Re: HTML - i18n / NCR & charsets

Peter Flynn (pflynn@curia.ucc.ie)
30 Nov 1996 13:27:34 +0000 (GMT)


Date: 30 Nov 1996 13:27:34 +0000 (GMT)
From: Peter Flynn <pflynn@curia.ucc.ie>
Subject: Re: HTML - i18n / NCR & charsets
In-reply-to: <199611300702.XAA15425@sweden.it.earthlink.net> (message from
To: davidp@earthlink.net
Cc: www-html@w3.org, www-international@w3.org, unicode@unicode.org
Message-id: <199611301327.NAA02320@curia.ucc.ie>

   ISO8879 names for Windows CP 1252 80-9F (128-160) entities:

   83 (131) --   ?   -- florin

What's a florin? I know it's the old UK name for what was two
shillings, but Bill obviously means something else here.

   8B (139) --   ?   -- guilsinglleft
               &laquo;

   9B (155) --    ?   -- guilsinglright
               &raquo;

   9F (159) -- &Yuml; -- Ydieresis

Y diaeresis is a non-existent character, according to the experts on
TYPO-L, who have just discussed this in depth. It was included in both
ISOlat1 (lc) and ISOlat2 (uc) as well as the IBM pc character sets in
the mistaken belief that it actually existed in some language. It was
in fact transcribed in error, either from an &ijlig; or something
similar by whoever was representing the character sets to Geneva at
the time, and no-one was prepared to bite the bullet and say "this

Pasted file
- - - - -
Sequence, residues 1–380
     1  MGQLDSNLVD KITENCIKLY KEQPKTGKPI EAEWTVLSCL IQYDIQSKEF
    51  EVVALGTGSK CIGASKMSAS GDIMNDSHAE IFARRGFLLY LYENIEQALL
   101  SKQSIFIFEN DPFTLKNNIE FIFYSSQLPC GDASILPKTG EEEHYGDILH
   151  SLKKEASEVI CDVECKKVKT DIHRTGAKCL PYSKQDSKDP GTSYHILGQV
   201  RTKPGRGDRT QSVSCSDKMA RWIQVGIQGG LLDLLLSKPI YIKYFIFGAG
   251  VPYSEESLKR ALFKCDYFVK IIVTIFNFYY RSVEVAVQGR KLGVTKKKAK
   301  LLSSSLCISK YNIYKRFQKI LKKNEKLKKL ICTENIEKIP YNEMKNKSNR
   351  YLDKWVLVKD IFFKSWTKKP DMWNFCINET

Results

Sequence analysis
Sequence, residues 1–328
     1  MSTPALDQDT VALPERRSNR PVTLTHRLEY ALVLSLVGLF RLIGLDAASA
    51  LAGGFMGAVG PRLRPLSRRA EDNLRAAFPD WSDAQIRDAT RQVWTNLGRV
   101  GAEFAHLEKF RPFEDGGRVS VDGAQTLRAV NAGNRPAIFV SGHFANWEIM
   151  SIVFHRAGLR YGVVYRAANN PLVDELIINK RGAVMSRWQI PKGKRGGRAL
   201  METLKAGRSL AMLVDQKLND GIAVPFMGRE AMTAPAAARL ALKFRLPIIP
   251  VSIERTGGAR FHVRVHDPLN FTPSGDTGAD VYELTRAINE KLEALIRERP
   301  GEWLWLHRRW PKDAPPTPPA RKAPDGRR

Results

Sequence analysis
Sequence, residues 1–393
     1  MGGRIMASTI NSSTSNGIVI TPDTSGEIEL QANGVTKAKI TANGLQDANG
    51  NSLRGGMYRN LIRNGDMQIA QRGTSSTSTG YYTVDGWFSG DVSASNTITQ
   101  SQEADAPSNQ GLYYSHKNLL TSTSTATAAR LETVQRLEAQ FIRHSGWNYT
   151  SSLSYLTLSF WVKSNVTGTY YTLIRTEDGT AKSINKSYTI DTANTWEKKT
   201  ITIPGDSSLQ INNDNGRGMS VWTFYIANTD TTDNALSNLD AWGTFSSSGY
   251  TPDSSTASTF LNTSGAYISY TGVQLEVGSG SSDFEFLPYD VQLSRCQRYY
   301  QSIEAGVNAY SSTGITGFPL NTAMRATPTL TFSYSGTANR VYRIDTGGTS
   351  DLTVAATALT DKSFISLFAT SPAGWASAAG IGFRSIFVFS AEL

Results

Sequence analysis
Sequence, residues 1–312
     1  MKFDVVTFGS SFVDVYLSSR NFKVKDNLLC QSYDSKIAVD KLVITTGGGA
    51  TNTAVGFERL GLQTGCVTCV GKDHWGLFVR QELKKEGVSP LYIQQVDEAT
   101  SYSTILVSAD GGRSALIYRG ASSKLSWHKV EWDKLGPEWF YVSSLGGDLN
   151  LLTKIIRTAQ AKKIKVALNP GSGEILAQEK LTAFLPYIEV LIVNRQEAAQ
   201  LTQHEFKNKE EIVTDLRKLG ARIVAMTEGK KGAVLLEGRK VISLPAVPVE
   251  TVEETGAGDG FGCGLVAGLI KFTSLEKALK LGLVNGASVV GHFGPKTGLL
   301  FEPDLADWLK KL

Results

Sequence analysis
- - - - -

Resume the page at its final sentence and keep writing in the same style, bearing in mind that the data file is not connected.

does not exist", for fear of being proved wrong, and thus attacked for
failing to cater for whatever language was supposed to require
it. Various claims have been made for its existence in Dutch, Turkish,
and other less populous languages, but none of these have been
demonstrated. It is possible that some orthographer has found a use
for it in transcribing a spoken language, in which case it must
obviously be kept, but the consensus of the typographers is that it is
redundant (and this included a lot of people with very significant
foreign-language typesetting experience). The logs of the discussion
can be retrieved in the usual manner from listserv@danann.hea.ie by
sending an email containing the command GET TYPO-L LOGyymm 
(where yy=96,and mm={08|09|10|11} -- I _think_ the discussion started
in August, possibly September).

///Peter